When Pei started his own practice in 1955, “he had this wealth of a firm that could do anything almost anywhere,” Sandi says. “It was an incredible springboard for what became his own practice, which had no parallel in the profession.”

According to Sandi, Chinese culture, traditions, and art were inherent to his father’s life as he grew up, and “he brought that sensibility when he came into America and it always influenced his work.” This largely showed up in the way he thought of architecture as a “play of solids and voids,” or buildings and landscape.

“He always felt that they worked together in tandem—you can’t separate one from the other—and both of them are influenced by the play of light,” Sandi says.

View of the National Center for Atmospheric Research, on the mesa, in a photograph commissioned by M+ in 2021.
© Naho Kubota

Pei also often said that “architecture follows art,” and was particularly influenced by cubism, an artistic movement exploring time and space that was practiced in the early 20th century by Pablo Picasso, Georges Braque, and the sculptor Jacques Lipchitz, among others. This influence is apparent in the laboratory at the National Center for Atmospheric Research in Boulder, Colo., and at the Everson Museum of Art in Syracuse, N.Y. “Those two buildings, if you look at them, have a play of solid and void, which are very cubistic,” Sandi says.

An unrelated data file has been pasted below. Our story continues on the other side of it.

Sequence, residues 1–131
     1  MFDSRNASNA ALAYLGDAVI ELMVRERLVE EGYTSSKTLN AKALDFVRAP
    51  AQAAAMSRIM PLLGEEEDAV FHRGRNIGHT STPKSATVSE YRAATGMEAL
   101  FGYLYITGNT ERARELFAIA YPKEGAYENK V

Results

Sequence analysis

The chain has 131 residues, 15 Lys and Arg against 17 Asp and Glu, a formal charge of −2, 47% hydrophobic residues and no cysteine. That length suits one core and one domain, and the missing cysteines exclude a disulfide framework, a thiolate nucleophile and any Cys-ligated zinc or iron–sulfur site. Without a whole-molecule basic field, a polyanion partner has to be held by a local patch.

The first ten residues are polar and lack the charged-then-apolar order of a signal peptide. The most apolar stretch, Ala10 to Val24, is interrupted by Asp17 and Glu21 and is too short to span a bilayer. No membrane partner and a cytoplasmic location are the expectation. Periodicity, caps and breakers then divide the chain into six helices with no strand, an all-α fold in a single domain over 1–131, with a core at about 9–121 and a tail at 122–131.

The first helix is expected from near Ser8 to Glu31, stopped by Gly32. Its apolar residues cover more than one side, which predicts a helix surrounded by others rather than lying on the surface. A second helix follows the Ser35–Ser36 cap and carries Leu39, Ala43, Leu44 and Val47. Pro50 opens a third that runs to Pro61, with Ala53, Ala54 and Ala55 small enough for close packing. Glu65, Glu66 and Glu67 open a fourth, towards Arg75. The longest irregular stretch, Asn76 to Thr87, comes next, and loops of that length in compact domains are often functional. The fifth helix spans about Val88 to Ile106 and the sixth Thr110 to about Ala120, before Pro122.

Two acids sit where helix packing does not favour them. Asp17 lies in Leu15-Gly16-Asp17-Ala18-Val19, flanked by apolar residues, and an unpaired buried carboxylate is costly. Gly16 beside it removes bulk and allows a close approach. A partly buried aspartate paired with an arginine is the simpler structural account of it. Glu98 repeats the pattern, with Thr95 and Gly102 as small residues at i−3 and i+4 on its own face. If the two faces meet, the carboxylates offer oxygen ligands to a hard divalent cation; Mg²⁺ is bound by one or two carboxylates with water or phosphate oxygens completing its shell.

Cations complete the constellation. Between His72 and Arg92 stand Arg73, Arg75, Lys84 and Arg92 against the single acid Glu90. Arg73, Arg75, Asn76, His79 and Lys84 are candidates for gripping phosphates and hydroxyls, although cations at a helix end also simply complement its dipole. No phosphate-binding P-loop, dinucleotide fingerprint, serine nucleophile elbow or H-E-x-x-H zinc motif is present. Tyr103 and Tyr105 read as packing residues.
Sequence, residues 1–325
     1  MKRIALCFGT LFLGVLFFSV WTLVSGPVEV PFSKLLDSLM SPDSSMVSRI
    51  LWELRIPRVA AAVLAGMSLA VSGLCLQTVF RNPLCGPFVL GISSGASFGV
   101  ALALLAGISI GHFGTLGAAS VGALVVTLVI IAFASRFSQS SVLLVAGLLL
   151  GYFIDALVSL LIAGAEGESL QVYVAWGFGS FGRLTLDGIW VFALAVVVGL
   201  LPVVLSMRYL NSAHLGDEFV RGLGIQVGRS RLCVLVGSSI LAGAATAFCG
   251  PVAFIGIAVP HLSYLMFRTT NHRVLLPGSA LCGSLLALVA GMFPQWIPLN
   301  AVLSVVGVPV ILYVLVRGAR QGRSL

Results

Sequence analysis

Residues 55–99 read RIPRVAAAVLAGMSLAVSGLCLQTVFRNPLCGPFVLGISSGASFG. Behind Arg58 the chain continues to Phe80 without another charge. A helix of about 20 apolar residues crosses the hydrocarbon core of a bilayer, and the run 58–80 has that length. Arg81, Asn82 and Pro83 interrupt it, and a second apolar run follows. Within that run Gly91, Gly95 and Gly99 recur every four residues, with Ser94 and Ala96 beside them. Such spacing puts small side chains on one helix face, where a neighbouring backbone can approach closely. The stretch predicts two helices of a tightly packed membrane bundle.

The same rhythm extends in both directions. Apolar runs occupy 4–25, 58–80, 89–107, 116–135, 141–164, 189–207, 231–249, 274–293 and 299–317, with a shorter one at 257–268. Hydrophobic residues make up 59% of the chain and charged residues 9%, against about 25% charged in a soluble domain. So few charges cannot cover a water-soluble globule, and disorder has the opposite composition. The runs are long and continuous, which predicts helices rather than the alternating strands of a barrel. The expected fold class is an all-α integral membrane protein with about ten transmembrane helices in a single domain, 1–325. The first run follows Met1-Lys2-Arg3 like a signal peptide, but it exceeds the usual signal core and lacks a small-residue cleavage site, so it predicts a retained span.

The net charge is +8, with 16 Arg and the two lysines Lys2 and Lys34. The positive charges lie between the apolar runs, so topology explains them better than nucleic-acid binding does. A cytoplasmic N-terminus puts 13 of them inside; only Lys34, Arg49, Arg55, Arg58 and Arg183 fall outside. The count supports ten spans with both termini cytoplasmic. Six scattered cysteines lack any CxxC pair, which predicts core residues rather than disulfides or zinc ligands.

Yet Sandi argues that his father didn’t have a specific architectural style. Geometry may have been a consistent feature to his work, but his projects always were designed in response to their intended site. The resulting structure emerged as almost inevitable, he says. “It just was the right solution.”

Pei also intended his buildings “not only to be themselves a magnet for life,” but also to influence the area where they existed. “He never felt that a building stood alone,” Sandi says. “Urban design, urban planning, was a very important part of his approach to architecture, always.”

After he closed his own firm to supposedly “retire” in the early 1990s, Pei worked alongside Sandi and his older brother, Chien Chung (Didi) Pei, who died late last year, at PEI Architects, formerly Pei Partnership Architects. Pei would work on his own projects, with their assistance, and would guide his sons, too. The firm had substantial involvement in the Museum of Islamic Art, among other initiatives, for instance, Sandi says.

Working with his father was fun, he says. In starting a project, Pei was often deliberately vague about his intentions. The structure would coalesce “through a process of dialogue and sketches and sometimes just having lunch over a bottle of wine,” Sandi says. “He was able to draw from each of us who was working on the project our best efforts to help to guide [it] to some kind of form.”

The M+ retrospective, which will run through Jan. 5, is divided into six areas of focus, from Pei’s upbringing and education through to his work in real estate and urban redevelopment, art and civic projects, to how he reinterpreted history through design.

Sandi, who will participate in a free public discussion moderated by exhibition co-curator Shirley Surya on the day it opens, is interested “in the opportunity to look at my father anew and to see his work in a different light now that it’s over, his last buildings are complete. You can take a full assessment of his career.”

And, he says, “I’m excited for other people to become familiar with his life.”